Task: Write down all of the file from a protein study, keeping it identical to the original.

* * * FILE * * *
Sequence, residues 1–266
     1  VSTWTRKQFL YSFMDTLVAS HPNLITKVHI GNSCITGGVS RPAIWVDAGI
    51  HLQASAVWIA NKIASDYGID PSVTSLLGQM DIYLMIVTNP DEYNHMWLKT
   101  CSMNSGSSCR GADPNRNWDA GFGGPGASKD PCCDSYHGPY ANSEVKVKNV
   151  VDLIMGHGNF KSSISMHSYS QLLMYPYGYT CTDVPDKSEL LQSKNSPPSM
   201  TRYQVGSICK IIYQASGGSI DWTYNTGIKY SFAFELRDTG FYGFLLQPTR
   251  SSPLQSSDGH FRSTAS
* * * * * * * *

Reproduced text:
Sequence, residues 1–266
     1  VSTWTRKQFL YSFMDTLVAS HPNLITKVHI GNSCITGGVS RPAIWVDAGI
    51  HLQASAVWIA NKIASDYGID PSVTSLLGQM DIYLMIVTNP DEYNHMWLKT
   101  CSMNSGSSCR GADPNRNWDA GFGGPGASKD PCCDSYHGPY ANSEVKVKNV
   151  VDLIMGHGNF KSSISMHSYS QLLMYPYGYT CTDVPDKSEL LQSKNSPPSM
   201  TRYQVGSICK IIYQASGGSI DWTYNTGIKY SFAFELRDTG FYGFLLQPTR
   251  SSPLQSSDGH FRSTAS